Without a clear strategy in mind, many teams make the mistake of automating their tests for their current situation. Perhaps you’re just starting out and you have a dozen or so tests that run locally. You don’t see the issues that your poorly written test code can surface.
However, once you’re up to 100 tests, all of a sudden, it’s very clear how faulty your design decisions were. Now you have to find time to refactor your test automation project.
In this chapter, I’ll share with you some design considerations that you can keep in mind early in your automation journey. Knowing these things up front will help you future-proof your test automation project and save you lots of time and headache.
When you only have a handful of automated tests, running them sequentially doesn’t seem like a big deal. However, as the number of automated tests grows, the longer it will take for your entire test suite to complete. A solution to this is to run the tests in parallel. However, this is not as simple as flipping a switch. Your tests have to be designed to run this way.
For starters, you should not have any of your tests dependent on one another. If you rely on Test 1 to execute before Test 2, then these two tests cannot be run in parallel. So, be sure to design all of your tests to be independent. Any setup or cleanup should be isolated within the test.
You’ll also want to avoid modifying test data that other tests may rely on. If Test 1 changes the value of a record and changes it back to its original value once completed, then there’s still a risk of Test 2 executing at the moment where the value has been changed. Therefore Test 2 fails. To mitigate this, any test that needs to change test data, should be the only test using that data.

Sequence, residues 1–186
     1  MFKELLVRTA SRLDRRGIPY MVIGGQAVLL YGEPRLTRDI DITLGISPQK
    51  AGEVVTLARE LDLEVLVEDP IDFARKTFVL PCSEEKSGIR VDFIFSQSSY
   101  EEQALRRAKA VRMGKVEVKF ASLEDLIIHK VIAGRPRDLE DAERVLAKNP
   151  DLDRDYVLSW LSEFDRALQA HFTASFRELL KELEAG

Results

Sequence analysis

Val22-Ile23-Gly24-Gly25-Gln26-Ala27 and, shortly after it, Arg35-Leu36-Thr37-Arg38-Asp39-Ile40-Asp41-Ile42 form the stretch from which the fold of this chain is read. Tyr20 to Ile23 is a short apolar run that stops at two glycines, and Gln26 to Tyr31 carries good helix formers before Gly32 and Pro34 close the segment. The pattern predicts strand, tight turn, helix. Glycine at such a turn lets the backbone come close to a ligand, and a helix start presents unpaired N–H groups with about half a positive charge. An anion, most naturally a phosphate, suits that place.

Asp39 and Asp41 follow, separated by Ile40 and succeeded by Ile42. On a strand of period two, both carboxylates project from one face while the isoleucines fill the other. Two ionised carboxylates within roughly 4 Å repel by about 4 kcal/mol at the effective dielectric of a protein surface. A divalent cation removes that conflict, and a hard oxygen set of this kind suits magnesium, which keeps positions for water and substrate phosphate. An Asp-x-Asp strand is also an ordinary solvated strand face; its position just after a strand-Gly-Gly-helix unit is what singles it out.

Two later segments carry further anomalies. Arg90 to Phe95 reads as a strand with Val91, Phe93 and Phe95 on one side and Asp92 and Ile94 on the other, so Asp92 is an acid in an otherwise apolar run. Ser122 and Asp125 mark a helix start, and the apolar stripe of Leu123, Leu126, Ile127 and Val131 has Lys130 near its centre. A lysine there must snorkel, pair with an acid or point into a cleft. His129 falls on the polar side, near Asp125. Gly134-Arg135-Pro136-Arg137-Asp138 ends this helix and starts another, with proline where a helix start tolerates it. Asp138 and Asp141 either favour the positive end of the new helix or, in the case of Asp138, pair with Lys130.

Thirdly, objects and variables that are used by multiple tests should be declared in a thread-safe manner, meaning they should not be global or static – as their values could change.
While your automation project consists of test code, that doesn’t mean that you can throw caution to the wind and ignore clean coding practices. Remember, test automation is software development. It has to be extended and maintained, so it’s best to develop it in a matter that will support both.
Avoid excessive code duplication, long classes and methods, inefficient waiting within tests, and other bad practices known as code smells. Instead, embrace approaches that enable code reusability and maintainability.
Become familiar with design patterns that are especially beneficial for test automation projects such as:
You don't have to use all of these, in fact some are alternatives to each other, but being knowledgeable about them helps you know which ones are best for your test automation project.